Last week, I decided to lock up the hooch in my desk and do a little investigative reporting. The location: one of my favorite Sundance Square-area hang-outs, the Pour House.

An independently owned sports-y bar in a swollen sea of chain establishments, the clean, well-lighted place has been in business for more than 10 years and, judging by dozens of visits, probably will be for another decade if not longer. (People love the joint.) I was there to catch the premiere of Ultimate Jelly Wrestling, Vol. 1, a nature documentary on the sacred nightlife art of Jell-O wrestling.

My mission: to find out if “jelly” or Jell-O wrestling is real.

Billed as “60 minutes of hot jiggling action,” the film undoubtedly contains a lot of jiggling, a lot of action, and a lot of hotness. But wrestling?


I asked local Brazilian jiu-jitsu fighter Travis Lutter what he thought. “What we’re trying to do in the ring is hurt each other,” he said. “But I don’t think anybody’s trying to hurt anybody in Jell-O wrestling.”

Real wrestling involves moves like the Boston Crab, the Figure-Four Leg-Lock, and the always deadly Suplex. Real wrestling has stars, like Hulk Hogan, Jimmy “Superfly” Snuka, and The Rock. Where are the Jell-O wrestling stars? What kinds of moves do they have?

Looks like just a hot, really, really hot slumber party to me. Certainly nothing I would call “athletic.”

Vol. 1 was shot on location at the Pour House, which until the night of the screening was for months the only place downtown to see the bikini-riffic athletic endeavor. I asked PH barkeep Zack Marshall if he thought “jelly” wrestling was real.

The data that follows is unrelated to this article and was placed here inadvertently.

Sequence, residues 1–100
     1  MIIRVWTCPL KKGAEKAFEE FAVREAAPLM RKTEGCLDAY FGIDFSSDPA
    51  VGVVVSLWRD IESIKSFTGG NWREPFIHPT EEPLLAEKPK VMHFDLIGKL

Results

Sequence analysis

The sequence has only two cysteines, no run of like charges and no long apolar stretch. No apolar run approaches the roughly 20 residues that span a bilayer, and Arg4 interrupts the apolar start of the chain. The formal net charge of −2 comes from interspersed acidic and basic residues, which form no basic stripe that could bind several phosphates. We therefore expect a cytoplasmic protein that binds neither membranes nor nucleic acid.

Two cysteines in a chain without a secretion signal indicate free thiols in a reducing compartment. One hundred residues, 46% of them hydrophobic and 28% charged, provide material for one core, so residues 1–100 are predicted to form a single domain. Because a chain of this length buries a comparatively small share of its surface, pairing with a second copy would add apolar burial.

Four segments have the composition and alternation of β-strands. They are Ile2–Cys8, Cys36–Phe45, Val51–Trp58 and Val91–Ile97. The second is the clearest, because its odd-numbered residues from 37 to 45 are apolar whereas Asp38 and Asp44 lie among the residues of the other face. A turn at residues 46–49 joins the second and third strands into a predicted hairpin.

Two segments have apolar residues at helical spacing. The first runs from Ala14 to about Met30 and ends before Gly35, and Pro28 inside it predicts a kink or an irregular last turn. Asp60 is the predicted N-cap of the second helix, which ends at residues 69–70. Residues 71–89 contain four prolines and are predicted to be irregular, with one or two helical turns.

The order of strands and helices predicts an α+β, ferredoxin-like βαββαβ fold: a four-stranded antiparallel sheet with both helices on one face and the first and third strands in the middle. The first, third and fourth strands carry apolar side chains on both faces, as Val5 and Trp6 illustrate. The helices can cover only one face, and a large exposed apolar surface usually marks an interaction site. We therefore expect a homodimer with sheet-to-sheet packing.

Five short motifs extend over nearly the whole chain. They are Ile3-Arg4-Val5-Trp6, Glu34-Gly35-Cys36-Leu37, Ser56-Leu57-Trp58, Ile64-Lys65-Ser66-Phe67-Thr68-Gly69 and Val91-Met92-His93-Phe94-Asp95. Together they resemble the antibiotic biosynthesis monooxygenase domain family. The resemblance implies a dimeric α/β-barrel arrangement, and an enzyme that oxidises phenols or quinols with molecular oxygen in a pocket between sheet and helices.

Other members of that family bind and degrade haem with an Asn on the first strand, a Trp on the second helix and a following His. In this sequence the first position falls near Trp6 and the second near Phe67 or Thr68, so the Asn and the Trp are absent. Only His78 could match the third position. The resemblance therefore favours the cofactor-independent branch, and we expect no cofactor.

“It’s definitely more like a sexual thing than wanting to see people get bruised,” he said. “Most of the girls weren’t serious. They just showed each other off.”

After about 10 minutes of extensive research, I ultimately came to the conclusion that “jelly” or Jell-O wrestling is kind of like porn – you know it when you see it. But whatever it is, baths-slash-battles could represent the future of all sports. Who cares if the most skilled, smartest, or best-coached team or player wins. Wouldn’t we rather see Shaquille O’Neal and Brett Favre vie for a supporting role in a Hollywood blockbuster about a talking Volkswagen? Or Joey Porter and Ray Lewis arm rassle? Or Anna Kournikova and Maria Sharapova show each other off in a kiddie pool filled with sticky crap?

To some people – like the local high school 95-lb. division girls’ champion and Hulk Hogan – the Pour House turned back the clock on Women’s Lib while denigrating an ancient sport. But to other folks, especially those of you with tv’s in every room (all tuned to ESPN), the only apparent difference between an Olympic activity like curling and Jell-O wrestling is a few articles of clothing, a few degrees, and a whole lotta sweetness.

You can conduct your own research. Shot by the mononymic Lewisville-based filmmaker Fish, Ultimate Jelly Wrestling, Vol. 1 is available for $10 at

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